Nisi utile est quod facias, stulta est gloria . cron. The second proves that the sound of both was preserved in the new let
M. Wedekind, however, though he ter. The passages are these :-Plato
attaches more importance to dates than Says, Ου γαρ η εχρωμεθα αλλα ε το
we do, and has, consequently, exerted Talaiov; and Terence, Literam nam
more diligence in ascertaining them, que E videmus esse ad nya proximam, directed his attentiou to more useful
than we think them worthy of, has still sicut o et w videntur esse vicinæ sibi. Temporum momenta distant, non soni
purposes. He has corrected many geopativitas."
graphical errors, and pointed out, with great precision, many places which
have been hitherto very imperfectly Noten zu einigen Geschichtschrei- kuown. The author throws considerabern des deutschen Mittelalters ble light on the genealogy of the house Notes on some of the German His.
of Saxe, and on its alliance with Charle
magne. The diligence which he has torians of the Middle Ages. By exercised in elucidating the obscure, 4. C. Wedekind. 8vo. Hamburgh, and exploding the fabulous, las neces1921.
sarily enabled him to correct many
popular errors, and even to trace them Few nations have, for a considerable to their source. He consigns, for intime past, evinced more zeal and iu- stance, Joada, a princess of Hungary,
to the regions of romance, and shews, that she owed her imaginary existeuce to a false Latin genetive case.-On the whole, it may be said, that if his work be not one of those which expands the mind by the lights of useful science, at least it is well calculated to gratify curiosity, and to unbend the mind from the toil of active pursuits, and severer studies,
Saggio sulle Azioni, &c. An Essay on the Life and Writings of Francesco Guicciardini, by Professor Giovanni Rosini. 8vo. Pisa.
Pindariis Werke :
:-a Mctrical Translation of the Works of Pindar, with the original Texts and Notes. By T. Thiersch. 2 vols. royal 8vo. Leipsick.
This is the first time the works of the most difficult of the Greek poets, with the fragments, have been completely translated into German verse of the same metre with the original. M. Thiersch has completed this bold undertaking in a manner that does him great credit. The translation is faith. ful; and although the original is rendered verse for verse, yet nothing seems forced, and the Greek text is conformable to the best editions. The introduction treats of Greek music, and of the author of "Pindar's verse; and explains the subject and occasion upon which each ode was writtén. The author treats generally of the origin of dramatic poetry at Athens, and icon. cludes with a chronological table of Pindar's poems.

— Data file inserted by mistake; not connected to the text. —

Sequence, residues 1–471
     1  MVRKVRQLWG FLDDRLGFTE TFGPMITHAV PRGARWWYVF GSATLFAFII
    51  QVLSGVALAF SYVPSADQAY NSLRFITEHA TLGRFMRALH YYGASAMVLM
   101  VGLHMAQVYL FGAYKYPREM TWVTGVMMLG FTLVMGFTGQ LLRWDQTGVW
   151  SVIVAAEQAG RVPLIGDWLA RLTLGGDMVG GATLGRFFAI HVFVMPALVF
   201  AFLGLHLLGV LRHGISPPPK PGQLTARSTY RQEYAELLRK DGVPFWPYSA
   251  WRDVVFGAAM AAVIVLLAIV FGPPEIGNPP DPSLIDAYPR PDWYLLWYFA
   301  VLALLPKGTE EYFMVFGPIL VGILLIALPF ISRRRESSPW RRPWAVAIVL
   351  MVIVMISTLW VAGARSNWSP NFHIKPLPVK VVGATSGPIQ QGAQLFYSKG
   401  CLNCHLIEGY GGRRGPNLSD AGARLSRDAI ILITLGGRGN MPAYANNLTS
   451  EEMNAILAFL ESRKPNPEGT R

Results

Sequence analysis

The object of Rosini in this work is, to make us acquainted with the life, studies, and writings of this celebrated author; and we cannot refuse him the credit of evincing judgment and impartiality in the execution of it. Guicci. ardini flourished in Italy when it was the scene of important political occurrences, and the parent of eminent literary productious. His Italian history of the principal events of his own time is a master-piece in its kind, but he has been accused, nor does Rosini deny the charge, of entertaining sentiments unfavourable to liberty. He admits that he was infected with a portion of the spirit that characterized his age, and how few writers have triumphed over its influence! He adopted that dangerous maxim of Machiavel, that whatever is useful and happily executed is always just and reasonable; and this maxim had no inconsiderable ascendancy over his life and writings. Ro. sini, however, maintains, that he was an enemy to despotism, though no ad. vocate for popular administration; and that in all his vicissitudes, he distin. guished himself by his firmness and consistency of character. He likewise takes considerable "pains in shewing the merits of his history, aud vindicating him from some unfounded charges which had been brought against his character and his impartiality as a writer. It is mournful to reflect, that a writer who had been equally caressed by the court of Rome and the house of Medicis, should be finally abandoned by both, and suffered to conclude his days in privation and misery: and if we may believe Legni, whose fidelity as an historian has been seldom questioned, he died at length by poison.
Delle Rivoluzioni d'Italia, fc. :Of the Revolutions of Italy. By C. Denina, with the unpublished additions and corrections of the Author. 3 vols. 8vo. Milan.
The continuation of the Revolutions of Italy, from 1713 to 1792, under the title of “ Modern Italy," appeared full of errors. The author undertook to correct them by a copy of the edition, published at Venice in 1793. He accordingly retouched the entire of his “ Revolutions.” After his death, this corrected and improved copy fell into the hands of Giuseppe Micali, known by bis “ History of Italy before the Dominion of the Romans.” graphic society of Italian classics happily succeeded in gaining possession of this valuable compilation, and have published it with great accuracy and correctuess.
L'Italia avanti il Dominio dei Romani :-Italy before the domination of the Romans. By Joseph Micali, Second edition, 4 vols, 8vo.
The present work is the history of a people that had no historians of their owb; and though it procured for the author one of the decennial prizes instituted by the French government in Italy, it is obvious that neither talent